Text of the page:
So a bunch of disagreements ahead, I think around the table where at least all the partners are speaking, a language that everyone understands and in tones, and the normal codes of diplomacy that we had all become used to until the last few years, and yet, the disagreements may only seem all the starker.


CHURCH: And Melissa, what about Turkey and Afghanistan? What's expected there?

BELL: Well, it's going to be a pretty tense meeting I suspect between the America -- the French president and the Turkish president this morning. Their relationship is really at an all-time low. It has been fought over a number of issues all of the great geopolitical issues of the last year have seen them on opposite sides of the divide, whether you're talking about Iraq and the Kurds -- or Syria - -I'm sorry, and the Kurds, whether you are talking about the eastern Mediterranean.

And of course, more recently, Emmanuel Macron's defense of the French presses right to publish depictions of the Prophet Mohammed are so in sense the Turkish president that he brought into question the mental stability of the French president. I mean, this is how low their relationship has gone.

So that will be an important bilateral meeting aimed at trying to build -- rebuild some kind of relationship and understanding, and a crucial one. Because of course, as a NATO member, Turkey has an extremely important place to role. They will play -- role to play -- there will also be a bilateral meeting later this afternoon between Erdogan and Biden as well.

So, a number of things on the sidelines of the summit as well, that we're going to be keeping a close eye on.

CHURCH: All right. Melissa Bell, many thanks joining us live from Brussels. I appreciate it.

Well, once the summits wrap up in Brussels, President Joe Biden will travel to Geneva to meet with Russian President Vladimir Putin. And the leaders admit relations between their countries are at a low point. More on that later this hour.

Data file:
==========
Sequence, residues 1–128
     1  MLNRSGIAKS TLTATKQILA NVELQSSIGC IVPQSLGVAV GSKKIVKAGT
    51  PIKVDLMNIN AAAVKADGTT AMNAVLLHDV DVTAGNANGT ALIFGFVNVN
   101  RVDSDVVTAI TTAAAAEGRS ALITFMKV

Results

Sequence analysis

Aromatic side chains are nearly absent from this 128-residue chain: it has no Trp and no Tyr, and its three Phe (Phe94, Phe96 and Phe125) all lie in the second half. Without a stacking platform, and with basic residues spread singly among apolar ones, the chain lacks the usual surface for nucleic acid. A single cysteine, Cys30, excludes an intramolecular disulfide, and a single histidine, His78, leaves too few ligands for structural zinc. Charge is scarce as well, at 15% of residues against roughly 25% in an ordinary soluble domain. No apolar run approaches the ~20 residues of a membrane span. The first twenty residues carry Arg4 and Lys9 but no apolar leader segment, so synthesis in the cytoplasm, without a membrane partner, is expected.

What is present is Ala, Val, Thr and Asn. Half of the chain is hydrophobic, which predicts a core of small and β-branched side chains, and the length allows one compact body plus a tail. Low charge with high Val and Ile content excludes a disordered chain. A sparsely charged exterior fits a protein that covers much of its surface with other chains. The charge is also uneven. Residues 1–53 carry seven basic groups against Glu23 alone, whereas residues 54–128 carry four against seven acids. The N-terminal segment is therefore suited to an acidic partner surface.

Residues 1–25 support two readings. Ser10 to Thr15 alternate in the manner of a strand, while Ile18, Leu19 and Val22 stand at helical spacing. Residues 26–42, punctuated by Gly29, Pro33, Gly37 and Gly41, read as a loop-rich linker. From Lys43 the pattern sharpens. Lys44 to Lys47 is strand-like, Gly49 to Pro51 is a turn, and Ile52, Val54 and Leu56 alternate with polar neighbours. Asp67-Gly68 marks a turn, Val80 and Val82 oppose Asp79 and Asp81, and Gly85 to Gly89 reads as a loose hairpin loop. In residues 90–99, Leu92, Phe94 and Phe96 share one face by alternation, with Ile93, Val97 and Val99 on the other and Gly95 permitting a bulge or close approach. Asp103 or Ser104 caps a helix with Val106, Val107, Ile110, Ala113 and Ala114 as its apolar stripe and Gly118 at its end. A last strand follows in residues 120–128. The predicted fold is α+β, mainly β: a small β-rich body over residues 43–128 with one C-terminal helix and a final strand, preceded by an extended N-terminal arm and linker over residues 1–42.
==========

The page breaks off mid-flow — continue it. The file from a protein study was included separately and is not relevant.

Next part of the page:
Also, ahead, it's decision day for British Prime Minister Boris Johnson why U.K. media say he is likely to delay a final easing of lockdown destructions in England. Back with more on that after the break.



CHURCH (on camera): There's a new warning about the impact the delta variant of coronavirus might have on the United States. It's not good. Former FDA chief, Scott Gottlieb says the variant which was first detected in India is more transmissible. He says it could set off another spike in cases this fall.


SCOTT GOTTLIEB, FORMER COMMISSIONER, FOOD AND DRUG ADMINISTRATION: Right now in the United States it's about 10 percent of infections, it's doubling every two weeks, so it's probably going to become the dominant strain here in the United States, that doesn't mean that we are going to see a sharp uptick in infections but it does mean that this is going to take over. And I think the risk is really to the fall, that this could spike a new epidemic heading into the fall.


CHURCH (on camera): And that same variant is causing major concerns in the United Kingdom. And now British media are reporting that the lifting of a final round of restrictions in England is likely to be delayed.

With more, Scott McClean joins us live from London. Good to see you, Scott. So, any delay in lifting COVID restrictions will clearly not be

welcomed by most Brits, but is not the only option as a result of this variant.

SCOTT MCLEAN, CNN INTERNATIONAL CORRESPONDENT: Hey, Rosemary. Well, yes, a week from today was supposed to be the U.K.'s freedom day when all of the remaining COVID restrictions were set to be lifted but now according to several British media outlets, today is more like a Groundhog Day and the prime minister has apparently seen his shadow because we are in for four more weeks of restrictions.